How to influence lawmakers

Congress is unpopular, including at the state level, but though people complain, too many of us don’t try to do anything to get them to listen.  Many people may feel like they can’t compete with big campaign donors.

Political consultant Bill Miller comments on several ways you can get your representative to pay attention.  Joining an activist organization can help.  “They track what’s happening on a more detailed basis than probably most individuals have an interest in doing so,” Miller says.  “So they can track things and tell you when you need to be active and when you can stand down.”

Lobbying seems to have become a dirty word to a lot of people, but Miller points out that petitioning the government is a right under both the state and federal constitutions.  “It’s an ability to go talk to your elected officials and ask them to do something,” he explains.  “That’s what petitioning means.  It’s been a part of the process from the very beginning.”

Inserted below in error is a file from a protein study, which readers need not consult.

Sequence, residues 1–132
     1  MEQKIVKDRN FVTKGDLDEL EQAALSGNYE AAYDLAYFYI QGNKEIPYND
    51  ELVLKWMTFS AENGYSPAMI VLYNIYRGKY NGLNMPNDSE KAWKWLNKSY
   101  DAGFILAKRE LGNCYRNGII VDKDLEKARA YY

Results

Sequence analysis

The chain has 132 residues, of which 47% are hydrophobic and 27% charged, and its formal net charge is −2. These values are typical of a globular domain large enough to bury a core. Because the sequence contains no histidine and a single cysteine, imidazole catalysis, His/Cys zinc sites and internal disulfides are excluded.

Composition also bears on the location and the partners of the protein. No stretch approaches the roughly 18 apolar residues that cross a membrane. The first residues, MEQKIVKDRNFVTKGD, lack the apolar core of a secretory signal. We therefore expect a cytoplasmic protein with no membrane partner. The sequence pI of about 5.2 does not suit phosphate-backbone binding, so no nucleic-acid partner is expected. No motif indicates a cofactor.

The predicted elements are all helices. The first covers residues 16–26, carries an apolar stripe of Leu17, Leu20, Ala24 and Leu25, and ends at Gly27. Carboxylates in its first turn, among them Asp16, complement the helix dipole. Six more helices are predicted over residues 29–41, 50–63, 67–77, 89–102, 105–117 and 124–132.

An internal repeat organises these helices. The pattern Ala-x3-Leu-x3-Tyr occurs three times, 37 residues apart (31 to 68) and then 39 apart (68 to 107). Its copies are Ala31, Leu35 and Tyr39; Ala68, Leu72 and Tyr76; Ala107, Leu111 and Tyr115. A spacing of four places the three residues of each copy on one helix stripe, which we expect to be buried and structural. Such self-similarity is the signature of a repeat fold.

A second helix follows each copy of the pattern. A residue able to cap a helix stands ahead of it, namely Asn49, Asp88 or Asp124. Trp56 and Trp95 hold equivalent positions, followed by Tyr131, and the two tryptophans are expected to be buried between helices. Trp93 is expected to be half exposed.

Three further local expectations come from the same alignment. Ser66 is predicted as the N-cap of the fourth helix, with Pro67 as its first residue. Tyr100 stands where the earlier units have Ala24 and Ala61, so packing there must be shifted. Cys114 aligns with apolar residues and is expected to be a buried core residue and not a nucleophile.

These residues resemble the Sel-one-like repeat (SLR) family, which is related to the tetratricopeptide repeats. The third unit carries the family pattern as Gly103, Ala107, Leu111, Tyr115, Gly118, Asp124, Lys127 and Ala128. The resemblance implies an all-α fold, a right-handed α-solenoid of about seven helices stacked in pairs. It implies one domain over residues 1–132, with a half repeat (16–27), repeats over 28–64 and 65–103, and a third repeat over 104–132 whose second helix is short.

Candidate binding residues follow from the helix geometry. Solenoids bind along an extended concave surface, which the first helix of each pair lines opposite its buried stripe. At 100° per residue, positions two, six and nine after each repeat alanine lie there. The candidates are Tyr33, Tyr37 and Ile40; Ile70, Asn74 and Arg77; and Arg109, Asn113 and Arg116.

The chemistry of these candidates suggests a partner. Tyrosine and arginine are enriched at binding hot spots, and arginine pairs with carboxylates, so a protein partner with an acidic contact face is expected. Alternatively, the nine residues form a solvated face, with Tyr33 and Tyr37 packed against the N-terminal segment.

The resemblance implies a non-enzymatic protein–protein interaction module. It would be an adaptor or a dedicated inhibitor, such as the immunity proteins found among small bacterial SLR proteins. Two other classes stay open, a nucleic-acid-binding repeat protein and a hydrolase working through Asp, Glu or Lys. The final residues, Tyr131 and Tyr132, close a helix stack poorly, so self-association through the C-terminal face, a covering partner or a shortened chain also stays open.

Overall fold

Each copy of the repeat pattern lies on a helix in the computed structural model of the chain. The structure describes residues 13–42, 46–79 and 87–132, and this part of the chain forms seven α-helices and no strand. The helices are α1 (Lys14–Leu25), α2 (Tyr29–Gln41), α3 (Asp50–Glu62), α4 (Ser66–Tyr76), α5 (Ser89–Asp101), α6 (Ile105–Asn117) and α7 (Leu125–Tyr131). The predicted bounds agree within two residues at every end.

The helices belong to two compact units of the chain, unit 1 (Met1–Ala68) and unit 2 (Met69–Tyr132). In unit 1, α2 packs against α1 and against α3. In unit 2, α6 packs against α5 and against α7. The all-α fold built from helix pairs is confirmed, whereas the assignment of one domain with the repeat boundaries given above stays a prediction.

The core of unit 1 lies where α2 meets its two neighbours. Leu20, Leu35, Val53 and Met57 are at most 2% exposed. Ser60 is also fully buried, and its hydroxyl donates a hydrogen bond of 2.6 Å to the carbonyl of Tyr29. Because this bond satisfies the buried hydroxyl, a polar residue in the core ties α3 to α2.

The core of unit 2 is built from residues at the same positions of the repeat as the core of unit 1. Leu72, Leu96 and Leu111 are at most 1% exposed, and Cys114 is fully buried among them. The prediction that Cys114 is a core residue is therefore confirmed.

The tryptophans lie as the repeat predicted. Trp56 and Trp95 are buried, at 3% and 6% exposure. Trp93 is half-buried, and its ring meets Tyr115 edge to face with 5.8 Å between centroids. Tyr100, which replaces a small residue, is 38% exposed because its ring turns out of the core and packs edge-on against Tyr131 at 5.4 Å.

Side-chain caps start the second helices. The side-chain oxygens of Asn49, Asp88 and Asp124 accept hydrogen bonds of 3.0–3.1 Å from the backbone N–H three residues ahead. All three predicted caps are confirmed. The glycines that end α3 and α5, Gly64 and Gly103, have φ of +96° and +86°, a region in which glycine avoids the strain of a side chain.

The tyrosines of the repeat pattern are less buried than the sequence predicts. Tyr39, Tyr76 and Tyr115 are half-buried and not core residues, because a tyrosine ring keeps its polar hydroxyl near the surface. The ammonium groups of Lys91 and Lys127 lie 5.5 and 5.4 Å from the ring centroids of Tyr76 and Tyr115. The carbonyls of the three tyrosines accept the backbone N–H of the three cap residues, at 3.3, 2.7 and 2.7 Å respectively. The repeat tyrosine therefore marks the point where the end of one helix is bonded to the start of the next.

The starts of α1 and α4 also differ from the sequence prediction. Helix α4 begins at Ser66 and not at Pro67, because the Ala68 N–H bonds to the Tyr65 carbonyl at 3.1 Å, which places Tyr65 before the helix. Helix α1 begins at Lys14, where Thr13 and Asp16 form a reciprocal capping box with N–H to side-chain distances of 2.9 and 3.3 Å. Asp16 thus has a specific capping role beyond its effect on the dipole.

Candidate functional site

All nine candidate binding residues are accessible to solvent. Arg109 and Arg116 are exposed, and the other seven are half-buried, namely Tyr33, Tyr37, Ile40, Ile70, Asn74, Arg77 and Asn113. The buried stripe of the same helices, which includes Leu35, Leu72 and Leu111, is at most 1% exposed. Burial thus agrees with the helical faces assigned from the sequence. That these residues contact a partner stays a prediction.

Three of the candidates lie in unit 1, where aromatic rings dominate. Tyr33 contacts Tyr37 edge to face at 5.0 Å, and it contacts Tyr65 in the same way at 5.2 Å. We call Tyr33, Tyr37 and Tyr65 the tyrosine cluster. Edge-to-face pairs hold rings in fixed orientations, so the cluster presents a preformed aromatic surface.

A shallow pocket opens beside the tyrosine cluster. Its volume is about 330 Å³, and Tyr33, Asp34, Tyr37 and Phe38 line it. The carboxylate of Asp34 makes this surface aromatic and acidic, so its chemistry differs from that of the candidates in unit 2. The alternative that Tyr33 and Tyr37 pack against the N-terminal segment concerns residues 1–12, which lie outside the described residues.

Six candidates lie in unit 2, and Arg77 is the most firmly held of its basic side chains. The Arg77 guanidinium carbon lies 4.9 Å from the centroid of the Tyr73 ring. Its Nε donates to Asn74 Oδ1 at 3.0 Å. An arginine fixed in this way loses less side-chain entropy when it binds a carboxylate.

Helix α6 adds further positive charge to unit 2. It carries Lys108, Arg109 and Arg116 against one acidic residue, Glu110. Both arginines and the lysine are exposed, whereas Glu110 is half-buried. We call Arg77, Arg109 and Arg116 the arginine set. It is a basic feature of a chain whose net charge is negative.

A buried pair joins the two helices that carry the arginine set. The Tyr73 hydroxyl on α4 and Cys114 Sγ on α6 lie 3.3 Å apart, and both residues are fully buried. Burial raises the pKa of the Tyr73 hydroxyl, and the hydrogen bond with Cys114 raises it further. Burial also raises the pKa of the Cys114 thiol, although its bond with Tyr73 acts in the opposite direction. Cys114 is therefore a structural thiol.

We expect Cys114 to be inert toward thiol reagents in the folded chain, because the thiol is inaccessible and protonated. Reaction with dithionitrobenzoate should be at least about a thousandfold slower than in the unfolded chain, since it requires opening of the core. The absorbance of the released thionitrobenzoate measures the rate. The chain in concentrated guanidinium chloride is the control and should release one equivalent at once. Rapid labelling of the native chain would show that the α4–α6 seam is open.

You can visit a lawmaker's office, though Miller says that best done locally, in the district.  “If you want to impact a lawmaker, catch him at home,” he suggests.  “On the weekend during the session, on Friday or Monday or whenever they’re around, try and grab him and tell him what your point of view is.”  In Austin, he says, the lawmaker is likely to be too busy.

You can provide public testimony at a committee hearing in Congress.  “They’re going through witnesses pretty fast,” Miller notes.  “If you really feel strongly [about an issue], go ahead and sit up there and give your two- or three-minute statement.”

Miller says threatening not to vote for a representative won’t win you any sympathy. “The most effective means [of communicating with a member of Congress],” he says, “is a handwritten note. Not three pages long, but a couple or three paragraphs” identifying yourself and stating your point of view. “Stay in touch,” he advises, but “don’t wear out your welcome.”

Sponsored Content

Sponsored Content